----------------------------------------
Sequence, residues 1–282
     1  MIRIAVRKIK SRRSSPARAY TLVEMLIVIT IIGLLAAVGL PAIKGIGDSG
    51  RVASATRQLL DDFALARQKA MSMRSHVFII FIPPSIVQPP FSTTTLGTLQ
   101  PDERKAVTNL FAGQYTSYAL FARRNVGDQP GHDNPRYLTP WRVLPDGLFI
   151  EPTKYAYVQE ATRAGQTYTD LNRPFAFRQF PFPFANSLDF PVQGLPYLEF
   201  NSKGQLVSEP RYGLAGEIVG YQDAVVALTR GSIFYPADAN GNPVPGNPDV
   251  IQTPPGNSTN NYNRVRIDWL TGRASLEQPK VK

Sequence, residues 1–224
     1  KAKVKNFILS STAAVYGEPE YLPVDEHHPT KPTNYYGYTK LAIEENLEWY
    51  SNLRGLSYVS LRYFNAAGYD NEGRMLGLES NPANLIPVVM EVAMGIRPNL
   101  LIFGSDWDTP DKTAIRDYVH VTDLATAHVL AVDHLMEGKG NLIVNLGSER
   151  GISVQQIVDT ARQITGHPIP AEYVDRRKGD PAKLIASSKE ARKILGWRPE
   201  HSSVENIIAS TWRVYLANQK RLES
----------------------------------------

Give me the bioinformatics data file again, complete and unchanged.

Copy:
Sequence, residues 1–282
     1  MIRIAVRKIK SRRSSPARAY TLVEMLIVIT IIGLLAAVGL PAIKGIGDSG
    51  RVASATRQLL DDFALARQKA MSMRSHVFII FIPPSIVQPP FSTTTLGTLQ
   101  PDERKAVTNL FAGQYTSYAL FARRNVGDQP GHDNPRYLTP WRVLPDGLFI
   151  EPTKYAYVQE ATRAGQTYTD LNRPFAFRQF PFPFANSLDF PVQGLPYLEF
   201  NSKGQLVSEP RYGLAGEIVG YQDAVVALTR GSIFYPADAN GNPVPGNPDV
   251  IQTPPGNSTN NYNRVRIDWL TGRASLEQPK VK

Sequence, residues 1–224
     1  KAKVKNFILS STAAVYGEPE YLPVDEHHPT KPTNYYGYTK LAIEENLEWY
    51  SNLRGLSYVS LRYFNAAGYD NEGRMLGLES NPANLIPVVM EVAMGIRPNL
   101  LIFGSDWDTP DKTAIRDYVH VTDLATAHVL AVDHLMEGKG NLIVNLGSER
   151  GISVQQIVDT ARQITGHPIP AEYVDRRKGD PAKLIASSKE ARKILGWRPE
   201  HSSVENIIAS TWRVYLANQK RLES